Aronofsky’s fingerprints are all over this film, but he wears his influences on his sleeve. Even the film’s marketing mirrors the one-sheet of Rosemary’s Baby, and the slow-burn structure pays tribute to other earlier works by Roman Polanski, such as the equally gonzo Repulsion with Catherine Deneuve. There are also traces of David Cronenberg’s body horror, Brian De Palma’s formal style, Lars von Trier’s masochism and even a clever homage to the notorious toilet scene in Francis Ford Coppola’s The Conversation swirling within this cauldron of insanity.
Filled to the brim with cryptic meanings, mother! is rife with biblical allegories, but I found it to be most effective as a scathing commentary on gender roles. Lawrence is manipulated throughout the entirety of the film’s 120-minute runtime, increasingly shoved under the thumb of patriarchal society until it becomes all too much to bear. “They won’t listen,” she sobs to Bardem. Men never do.
It’s a theme that Aronofsky’s delved into before, primarily with Black Swan, when Vincent Cassell’s unscrupulous ballet instructor pushes Portman to her breaking point for his own artistic aspirations. But Portman’s heart was in her dance, too; in mother!, Lawrence’s heart burns only for Bardem, who sacrifices her love for the sake of his own egotistical work. He uses her for inspiration, then throws her to the wolves for the price of fame. (The fact that Aronofsky and Lawrence are currently dating as a result of this collaboration is a bit, uh, jarring, to say the least.)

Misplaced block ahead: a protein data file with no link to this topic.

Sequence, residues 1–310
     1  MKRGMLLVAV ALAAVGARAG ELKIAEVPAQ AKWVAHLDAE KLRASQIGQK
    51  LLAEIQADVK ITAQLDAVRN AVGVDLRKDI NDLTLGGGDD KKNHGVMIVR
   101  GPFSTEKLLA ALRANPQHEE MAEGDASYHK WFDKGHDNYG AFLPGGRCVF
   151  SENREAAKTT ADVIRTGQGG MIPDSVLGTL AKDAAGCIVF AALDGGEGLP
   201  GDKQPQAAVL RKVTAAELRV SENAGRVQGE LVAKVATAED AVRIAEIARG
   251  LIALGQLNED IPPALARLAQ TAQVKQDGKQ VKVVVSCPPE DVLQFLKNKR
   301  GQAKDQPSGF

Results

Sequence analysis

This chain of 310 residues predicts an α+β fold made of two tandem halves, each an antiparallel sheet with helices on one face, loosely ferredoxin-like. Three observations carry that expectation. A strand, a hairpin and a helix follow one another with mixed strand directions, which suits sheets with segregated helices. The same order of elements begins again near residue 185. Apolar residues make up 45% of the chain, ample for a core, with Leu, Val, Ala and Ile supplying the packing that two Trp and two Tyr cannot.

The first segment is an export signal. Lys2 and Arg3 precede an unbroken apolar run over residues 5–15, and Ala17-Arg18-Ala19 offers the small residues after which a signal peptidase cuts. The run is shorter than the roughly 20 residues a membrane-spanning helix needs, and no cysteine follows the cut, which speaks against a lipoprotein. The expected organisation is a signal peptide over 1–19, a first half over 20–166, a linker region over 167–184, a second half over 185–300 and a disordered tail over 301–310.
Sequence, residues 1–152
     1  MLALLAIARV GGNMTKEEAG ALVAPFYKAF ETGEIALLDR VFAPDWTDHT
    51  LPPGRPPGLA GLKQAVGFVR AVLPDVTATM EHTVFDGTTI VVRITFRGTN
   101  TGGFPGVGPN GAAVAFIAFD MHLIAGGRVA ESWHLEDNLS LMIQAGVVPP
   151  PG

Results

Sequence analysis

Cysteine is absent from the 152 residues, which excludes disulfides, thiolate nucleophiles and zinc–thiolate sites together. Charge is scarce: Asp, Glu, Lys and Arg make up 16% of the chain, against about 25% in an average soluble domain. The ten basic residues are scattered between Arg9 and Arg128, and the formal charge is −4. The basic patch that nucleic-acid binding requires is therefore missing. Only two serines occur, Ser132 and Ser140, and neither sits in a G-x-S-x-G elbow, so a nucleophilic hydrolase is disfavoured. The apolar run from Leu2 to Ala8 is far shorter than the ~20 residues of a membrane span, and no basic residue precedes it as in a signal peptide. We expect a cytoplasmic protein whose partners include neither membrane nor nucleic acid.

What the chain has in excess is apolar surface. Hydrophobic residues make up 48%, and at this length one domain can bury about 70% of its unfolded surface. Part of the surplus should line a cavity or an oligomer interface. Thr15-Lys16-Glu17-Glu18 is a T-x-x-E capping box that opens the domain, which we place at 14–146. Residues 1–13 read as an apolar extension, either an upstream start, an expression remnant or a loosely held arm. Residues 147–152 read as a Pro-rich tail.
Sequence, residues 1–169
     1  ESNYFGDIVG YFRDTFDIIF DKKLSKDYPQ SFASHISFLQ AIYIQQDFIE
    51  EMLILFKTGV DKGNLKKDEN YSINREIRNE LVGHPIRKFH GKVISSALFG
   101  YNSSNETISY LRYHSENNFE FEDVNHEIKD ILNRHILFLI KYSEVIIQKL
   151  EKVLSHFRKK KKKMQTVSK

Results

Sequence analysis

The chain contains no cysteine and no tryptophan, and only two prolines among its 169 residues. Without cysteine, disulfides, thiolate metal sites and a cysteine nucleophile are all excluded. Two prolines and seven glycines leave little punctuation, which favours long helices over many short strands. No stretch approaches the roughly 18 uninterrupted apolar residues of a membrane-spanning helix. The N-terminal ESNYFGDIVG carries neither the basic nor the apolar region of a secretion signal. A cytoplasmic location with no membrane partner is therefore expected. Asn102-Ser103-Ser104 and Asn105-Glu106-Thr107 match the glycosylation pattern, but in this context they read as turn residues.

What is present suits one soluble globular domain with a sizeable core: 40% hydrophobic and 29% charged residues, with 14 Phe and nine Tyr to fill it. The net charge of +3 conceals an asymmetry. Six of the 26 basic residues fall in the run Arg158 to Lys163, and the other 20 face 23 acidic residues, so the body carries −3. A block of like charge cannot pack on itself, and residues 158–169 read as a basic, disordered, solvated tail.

mother! is not a film for everyone. Many who go in expecting a traditional horror film are bound to leave shaken, outraged and deeply disturbed by just how many buttons it manages to push. Yet, through this blistering vision of humanity in decline, there’s no denying that Aronofsky is at the peak of his powers here, delivering what could be one of the most feverishly demented films to ever emerge from a mainstream studio. Not a single person at the screening I attended left the theater until the end credits rolled out. It’s likely that you won’t either.